Researchers at the Massachusetts Institute of Technology (MIT) have found inspiration from nature's most skilled artists in camouflage, such as octopus and squid, to develop a way to design soft materials that can change colors or fluorescence and even textures. According to Xuanhe Zhao, Assistant Professor of MIT Mechanical Engineering Department, this new material is basically an electroactive elastomer, which can easily adapt to the standard process and make use of readily available materials. This enables it to produce dynamic anti fouling coatings more economically than other assemblies of individually manufactured electronic modules. In the initial proof-of-concept demonstration, the material can be configured to change textures and fluorescence, or textures and color due to strain.
The new synthetic material is an elastomer with flexible and retractable form. "The fluorescence and texture of the material will change simultaneously depending on the applied voltage -- the actual change is that the switch flips," says Qiming Wang, a postdoctoral researcher at MIT and the first author of the theory.
Researchers observed that the cephalopod changes colors mainly by using muscles that could change the shape of tiny pigmentation sacs in the skin - for example, by shrinking circular spots that were barely visible into clear wide flat shapes. This muscle contraction can also change skin texture.
To replicate the observed phenomena, researchers used a physical phenomenon discovered in 2011 that applied voltage can dynamically change the surface texture of elastomer.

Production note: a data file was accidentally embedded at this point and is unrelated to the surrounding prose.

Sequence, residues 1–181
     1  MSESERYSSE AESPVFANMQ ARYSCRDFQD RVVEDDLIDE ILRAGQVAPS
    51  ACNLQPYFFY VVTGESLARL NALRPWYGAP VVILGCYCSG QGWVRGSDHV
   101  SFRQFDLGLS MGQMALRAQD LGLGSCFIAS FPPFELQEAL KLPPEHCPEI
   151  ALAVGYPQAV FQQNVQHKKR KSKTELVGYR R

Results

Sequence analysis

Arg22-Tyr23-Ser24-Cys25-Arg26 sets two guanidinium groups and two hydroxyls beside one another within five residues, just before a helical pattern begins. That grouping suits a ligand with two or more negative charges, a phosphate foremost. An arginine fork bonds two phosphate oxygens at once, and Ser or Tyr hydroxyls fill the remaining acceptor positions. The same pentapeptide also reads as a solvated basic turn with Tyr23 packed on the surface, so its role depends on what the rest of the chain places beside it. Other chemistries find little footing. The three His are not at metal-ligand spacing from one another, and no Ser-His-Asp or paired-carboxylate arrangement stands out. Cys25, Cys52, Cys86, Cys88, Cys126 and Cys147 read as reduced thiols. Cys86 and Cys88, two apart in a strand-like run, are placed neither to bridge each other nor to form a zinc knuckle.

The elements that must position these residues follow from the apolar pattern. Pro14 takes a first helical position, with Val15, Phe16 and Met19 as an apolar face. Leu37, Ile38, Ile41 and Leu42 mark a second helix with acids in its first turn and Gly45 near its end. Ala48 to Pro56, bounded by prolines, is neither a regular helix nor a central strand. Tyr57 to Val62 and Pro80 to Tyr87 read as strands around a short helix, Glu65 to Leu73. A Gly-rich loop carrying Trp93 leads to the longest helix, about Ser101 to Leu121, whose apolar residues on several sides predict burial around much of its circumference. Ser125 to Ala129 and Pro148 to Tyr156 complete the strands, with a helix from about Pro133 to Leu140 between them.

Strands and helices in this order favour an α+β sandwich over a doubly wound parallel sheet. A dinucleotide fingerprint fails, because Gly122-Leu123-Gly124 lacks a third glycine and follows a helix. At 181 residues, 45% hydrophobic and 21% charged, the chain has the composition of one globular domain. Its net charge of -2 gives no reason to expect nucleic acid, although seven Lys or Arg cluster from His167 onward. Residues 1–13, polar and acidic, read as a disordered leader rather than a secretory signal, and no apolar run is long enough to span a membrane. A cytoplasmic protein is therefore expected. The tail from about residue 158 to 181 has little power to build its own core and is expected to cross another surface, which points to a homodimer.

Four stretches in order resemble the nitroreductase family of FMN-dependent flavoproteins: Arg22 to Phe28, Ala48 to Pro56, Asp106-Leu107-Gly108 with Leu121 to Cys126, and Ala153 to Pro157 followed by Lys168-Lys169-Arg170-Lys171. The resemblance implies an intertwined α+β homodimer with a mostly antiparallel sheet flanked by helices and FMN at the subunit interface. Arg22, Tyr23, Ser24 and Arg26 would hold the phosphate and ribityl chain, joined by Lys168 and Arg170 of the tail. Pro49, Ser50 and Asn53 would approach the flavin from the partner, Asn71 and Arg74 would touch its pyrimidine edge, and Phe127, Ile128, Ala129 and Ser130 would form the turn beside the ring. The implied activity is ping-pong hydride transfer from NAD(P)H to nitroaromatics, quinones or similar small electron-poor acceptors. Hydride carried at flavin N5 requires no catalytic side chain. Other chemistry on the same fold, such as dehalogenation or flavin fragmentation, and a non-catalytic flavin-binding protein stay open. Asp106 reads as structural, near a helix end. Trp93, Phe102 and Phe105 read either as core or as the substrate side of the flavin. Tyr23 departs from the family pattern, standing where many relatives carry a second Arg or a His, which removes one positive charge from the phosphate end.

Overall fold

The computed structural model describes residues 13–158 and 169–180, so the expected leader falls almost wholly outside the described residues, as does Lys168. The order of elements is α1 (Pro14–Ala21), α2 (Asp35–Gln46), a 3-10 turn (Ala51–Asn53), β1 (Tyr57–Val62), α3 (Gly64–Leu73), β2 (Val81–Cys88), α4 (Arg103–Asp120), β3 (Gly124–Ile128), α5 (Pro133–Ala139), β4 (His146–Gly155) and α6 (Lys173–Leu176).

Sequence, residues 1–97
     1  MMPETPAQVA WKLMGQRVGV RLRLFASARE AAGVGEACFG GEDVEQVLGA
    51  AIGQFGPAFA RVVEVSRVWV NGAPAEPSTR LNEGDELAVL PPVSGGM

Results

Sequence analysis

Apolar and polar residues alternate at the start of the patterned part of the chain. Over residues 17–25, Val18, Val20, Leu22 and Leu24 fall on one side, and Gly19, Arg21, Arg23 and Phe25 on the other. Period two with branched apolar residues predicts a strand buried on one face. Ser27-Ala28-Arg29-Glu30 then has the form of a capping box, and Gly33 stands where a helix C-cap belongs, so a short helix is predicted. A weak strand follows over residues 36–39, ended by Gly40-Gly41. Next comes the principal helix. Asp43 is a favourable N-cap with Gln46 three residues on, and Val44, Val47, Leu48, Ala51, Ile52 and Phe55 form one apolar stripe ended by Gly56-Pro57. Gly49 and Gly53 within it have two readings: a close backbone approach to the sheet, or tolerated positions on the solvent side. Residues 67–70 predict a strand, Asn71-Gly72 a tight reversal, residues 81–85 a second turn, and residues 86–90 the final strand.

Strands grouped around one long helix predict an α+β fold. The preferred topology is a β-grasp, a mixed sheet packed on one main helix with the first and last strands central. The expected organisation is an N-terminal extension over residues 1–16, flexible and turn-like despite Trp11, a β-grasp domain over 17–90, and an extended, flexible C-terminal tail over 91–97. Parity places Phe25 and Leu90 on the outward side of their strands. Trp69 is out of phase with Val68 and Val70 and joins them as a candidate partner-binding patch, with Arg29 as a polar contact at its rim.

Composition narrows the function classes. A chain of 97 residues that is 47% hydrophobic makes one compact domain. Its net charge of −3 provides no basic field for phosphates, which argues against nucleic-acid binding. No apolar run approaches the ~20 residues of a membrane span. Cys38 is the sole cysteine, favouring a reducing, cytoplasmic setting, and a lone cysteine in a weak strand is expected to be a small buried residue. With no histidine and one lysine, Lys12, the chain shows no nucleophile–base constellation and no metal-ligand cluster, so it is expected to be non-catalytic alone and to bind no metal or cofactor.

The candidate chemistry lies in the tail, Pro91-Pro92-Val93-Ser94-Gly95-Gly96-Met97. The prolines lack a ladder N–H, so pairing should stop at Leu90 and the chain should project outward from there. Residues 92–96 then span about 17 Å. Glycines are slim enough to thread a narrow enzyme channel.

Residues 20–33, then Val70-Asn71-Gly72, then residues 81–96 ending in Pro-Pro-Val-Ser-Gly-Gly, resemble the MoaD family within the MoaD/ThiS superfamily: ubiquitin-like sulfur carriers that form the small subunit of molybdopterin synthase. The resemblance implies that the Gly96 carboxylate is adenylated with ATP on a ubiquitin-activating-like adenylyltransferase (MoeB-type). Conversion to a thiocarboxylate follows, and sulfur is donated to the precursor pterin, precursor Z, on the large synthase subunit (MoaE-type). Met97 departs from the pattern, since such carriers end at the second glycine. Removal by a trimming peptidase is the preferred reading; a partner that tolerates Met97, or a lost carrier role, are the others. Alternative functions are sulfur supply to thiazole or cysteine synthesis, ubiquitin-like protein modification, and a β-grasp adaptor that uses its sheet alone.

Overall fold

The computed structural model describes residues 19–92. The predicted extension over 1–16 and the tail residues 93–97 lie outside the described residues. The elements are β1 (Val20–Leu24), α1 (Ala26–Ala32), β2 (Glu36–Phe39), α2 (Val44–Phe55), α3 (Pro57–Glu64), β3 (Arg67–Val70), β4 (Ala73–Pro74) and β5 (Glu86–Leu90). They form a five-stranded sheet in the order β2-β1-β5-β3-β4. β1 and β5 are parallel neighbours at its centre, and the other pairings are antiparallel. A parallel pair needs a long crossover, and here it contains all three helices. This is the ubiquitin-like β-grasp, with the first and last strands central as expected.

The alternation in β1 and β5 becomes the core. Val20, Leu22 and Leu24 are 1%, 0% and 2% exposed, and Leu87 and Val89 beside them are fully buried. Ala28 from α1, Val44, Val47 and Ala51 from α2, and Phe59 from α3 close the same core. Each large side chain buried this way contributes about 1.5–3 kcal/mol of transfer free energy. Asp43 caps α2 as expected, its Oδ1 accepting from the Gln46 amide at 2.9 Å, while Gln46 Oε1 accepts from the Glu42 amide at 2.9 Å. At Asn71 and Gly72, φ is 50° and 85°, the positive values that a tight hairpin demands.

They combine this texture change with the mechanically responsive molecules embedded in the elastomer, which will cause fluorescence or color to change depending on voltage. When the voltage is released, both elastomers and molecules will return to a relaxed state.
This dynamic reconfigurable camouflage material may initially be used for military purposes, as troops and vehicles often move from one place to another. Zhao pointed out that using systems like this new elastomer, whether used in uniforms or vehicles, can bring a camouflage pattern that continuously responds to changes in the surrounding environment.
Although, researchers have to do more material experiments to induce different patterns for the same material. Up to now, they only have gotten one pattern for each material they test.
Another important potential application will be an anti fouling coating
for hulls, where microorganisms and crustacean-like organisms are most easily accumulated, thus greatly reducing the efficiency of hull propulsion.
According to early experiments, even if the surface texture changes briefly, from the smooth surface needed for rapid movement to the rough, concave and convex texture, more than 90% of the biological scaling can be quickly removed.
The study was sponsored by the U.S. Naval Research Office, the Army Research Laboratory and the Army Research Laboratory, and the National Science Foundation (NSF).